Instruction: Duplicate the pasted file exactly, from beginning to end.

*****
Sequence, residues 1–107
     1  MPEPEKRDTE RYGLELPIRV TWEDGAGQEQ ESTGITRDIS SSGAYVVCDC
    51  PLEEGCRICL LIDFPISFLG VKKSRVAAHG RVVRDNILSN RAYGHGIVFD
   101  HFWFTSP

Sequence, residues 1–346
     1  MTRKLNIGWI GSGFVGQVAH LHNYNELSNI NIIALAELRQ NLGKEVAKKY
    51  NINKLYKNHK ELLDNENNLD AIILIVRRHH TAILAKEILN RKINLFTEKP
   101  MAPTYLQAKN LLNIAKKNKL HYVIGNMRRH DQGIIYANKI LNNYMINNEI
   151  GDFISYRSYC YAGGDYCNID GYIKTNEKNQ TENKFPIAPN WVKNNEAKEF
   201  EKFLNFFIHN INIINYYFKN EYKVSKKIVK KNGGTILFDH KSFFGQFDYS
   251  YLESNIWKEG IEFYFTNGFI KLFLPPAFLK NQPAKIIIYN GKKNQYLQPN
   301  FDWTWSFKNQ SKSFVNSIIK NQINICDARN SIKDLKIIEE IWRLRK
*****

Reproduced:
Sequence, residues 1–107
     1  MPEPEKRDTE RYGLELPIRV TWEDGAGQEQ ESTGITRDIS SSGAYVVCDC
    51  PLEEGCRICL LIDFPISFLG VKKSRVAAHG RVVRDNILSN RAYGHGIVFD
   101  HFWFTSP

Sequence, residues 1–346
     1  MTRKLNIGWI GSGFVGQVAH LHNYNELSNI NIIALAELRQ NLGKEVAKKY
    51  NINKLYKNHK ELLDNENNLD AIILIVRRHH TAILAKEILN RKINLFTEKP
   101  MAPTYLQAKN LLNIAKKNKL HYVIGNMRRH DQGIIYANKI LNNYMINNEI
   151  GDFISYRSYC YAGGDYCNID GYIKTNEKNQ TENKFPIAPN WVKNNEAKEF
   201  EKFLNFFIHN INIINYYFKN EYKVSKKIVK KNGGTILFDH KSFFGQFDYS
   251  YLESNIWKEG IEFYFTNGFI KLFLPPAFLK NQPAKIIIYN GKKNQYLQPN
   301  FDWTWSFKNQ SKSFVNSIIK NQINICDARN SIKDLKIIEE IWRLRK